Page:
Peter Hotez, an expert in tropical diseases, recently advocated that the next presidential administration, to be elected in 2016, may be able to better control and contain diseases associated with poverty. The affirmation was made in a recent policy paper written by Hotez, who serves as a fellow in disease and poverty at Rice University’s Baker Institute for Public Policy.
Hotez reinforced the importance of the US heading the list of countries to fight these diseases in the face of policy makers who are concerned about fiscal constraints in the paper entitled Blue Marble Health: Recommendations for Responding to Global Poverty-Related Disease,” which is available online, according to a press release from the University.
In order to accomplish this goal, Hotez offered five recommendations directed to the future U.S. president, which start with the development of pilot programs able to connect neglected tropical disease control and HIV/AIDS and malaria control initiatives. In addition, the physician recommends the use of 2% of the annual global health budget from the country to strengthen a pipeline of antipoverty products.
The third recommendation is for the president to pressure the countries in the G-20 to embrace more responsibility in the decrease of their indigenous disease burdens, not only in their countries but also in neighboring ones. Hotel also called for the establishment of an excellence center in the U.S. dedicated to neglected tropical diseases and poverty-related infections indigenous.
Finally, Hotez outlined the construction of production capacities to develop new vaccines and drugs in the regions of Middle East and North Africa using a program of science and vaccine diplomacy. Hotez also highlighted that the US has already done a lot for the global health policy, and noted the improvements related to the United Nations Millennium Development Goals, and in particular goal No. 6, “to combat AIDS, malaria and other diseases.”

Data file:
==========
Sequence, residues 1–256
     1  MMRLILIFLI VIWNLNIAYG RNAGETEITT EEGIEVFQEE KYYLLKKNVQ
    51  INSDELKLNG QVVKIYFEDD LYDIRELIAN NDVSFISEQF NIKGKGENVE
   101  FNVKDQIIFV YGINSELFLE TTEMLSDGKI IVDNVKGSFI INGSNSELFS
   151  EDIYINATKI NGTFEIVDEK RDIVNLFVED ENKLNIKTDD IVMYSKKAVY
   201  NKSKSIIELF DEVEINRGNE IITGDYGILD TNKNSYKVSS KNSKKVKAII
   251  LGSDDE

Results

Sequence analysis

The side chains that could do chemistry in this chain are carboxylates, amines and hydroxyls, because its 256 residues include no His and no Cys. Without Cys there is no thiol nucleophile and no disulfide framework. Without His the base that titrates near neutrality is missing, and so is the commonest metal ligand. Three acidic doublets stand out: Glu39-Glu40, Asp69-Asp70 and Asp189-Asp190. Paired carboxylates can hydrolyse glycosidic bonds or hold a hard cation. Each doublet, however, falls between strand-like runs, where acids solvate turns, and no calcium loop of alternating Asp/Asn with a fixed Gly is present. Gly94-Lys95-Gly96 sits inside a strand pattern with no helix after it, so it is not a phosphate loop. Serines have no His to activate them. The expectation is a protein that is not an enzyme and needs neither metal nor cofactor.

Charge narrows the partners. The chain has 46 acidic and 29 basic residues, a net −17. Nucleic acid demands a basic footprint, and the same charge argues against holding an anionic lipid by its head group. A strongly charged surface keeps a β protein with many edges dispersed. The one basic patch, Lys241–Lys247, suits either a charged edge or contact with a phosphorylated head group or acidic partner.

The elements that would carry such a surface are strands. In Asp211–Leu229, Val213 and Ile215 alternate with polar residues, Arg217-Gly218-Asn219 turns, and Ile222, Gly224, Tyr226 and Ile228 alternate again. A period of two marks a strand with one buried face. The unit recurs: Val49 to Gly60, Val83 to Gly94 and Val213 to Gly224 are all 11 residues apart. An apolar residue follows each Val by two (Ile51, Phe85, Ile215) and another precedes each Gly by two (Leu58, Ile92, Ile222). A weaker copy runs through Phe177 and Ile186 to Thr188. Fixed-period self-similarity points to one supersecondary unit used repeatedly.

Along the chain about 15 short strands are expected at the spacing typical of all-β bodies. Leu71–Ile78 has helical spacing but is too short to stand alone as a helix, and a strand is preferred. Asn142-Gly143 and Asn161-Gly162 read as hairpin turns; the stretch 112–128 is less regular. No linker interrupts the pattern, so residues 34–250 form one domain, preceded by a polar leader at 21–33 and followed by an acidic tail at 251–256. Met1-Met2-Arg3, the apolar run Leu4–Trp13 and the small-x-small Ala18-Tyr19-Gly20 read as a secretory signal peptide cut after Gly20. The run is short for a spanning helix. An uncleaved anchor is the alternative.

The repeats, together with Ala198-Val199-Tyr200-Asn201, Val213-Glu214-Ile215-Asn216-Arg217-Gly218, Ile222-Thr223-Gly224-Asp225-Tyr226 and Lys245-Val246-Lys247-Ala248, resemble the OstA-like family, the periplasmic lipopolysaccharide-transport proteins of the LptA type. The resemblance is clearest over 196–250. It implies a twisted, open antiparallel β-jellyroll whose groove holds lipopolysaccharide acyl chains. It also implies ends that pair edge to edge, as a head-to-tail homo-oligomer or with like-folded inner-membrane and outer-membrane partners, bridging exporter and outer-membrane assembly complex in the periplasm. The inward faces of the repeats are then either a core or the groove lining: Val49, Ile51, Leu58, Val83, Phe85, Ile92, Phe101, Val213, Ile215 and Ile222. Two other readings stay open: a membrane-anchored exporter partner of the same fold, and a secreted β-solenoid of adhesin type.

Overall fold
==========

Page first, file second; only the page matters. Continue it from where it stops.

“Moving forward, the current administration of President Barack Obama and future presidential administrations have unprecedented opportunities to build on this momentum and track record in order to eliminate some of the most important poverty-related diseases worldwide,” he added.
Hotez is not only an expert in Neglected Tropical Diseases (NTDs), but his work as dean of the National School of Tropical Medicine at Baylor College of Medicine has greatly contributed to improving the conditions of populations who suffer with the burden of these diseases. NTDs are characterized for thriving mostly among the poorest populations, as well as generate more poverty by disabling its sufferers.
In addition, Hotez had also been nominated is one of the U.S. Science Envoys by the U.S. Department of State, a new role that started this month as part of a program that was launched in 2009 by President Barack Obama. The main purpose is to promote the country’s commitment to science, technology, and innovation in order to use them for both diplomacy and economic growth.
He had also been selected by Governor Perry for the Texas Task Force on Infectious Disease Preparedness and Response, a group of internationally acclaimed experts in the fields of epidemiology and infectious diseases with the purpose of aggressively preparing for and addressing threats of pandemic diseases, including Ebola, for the state of Texas.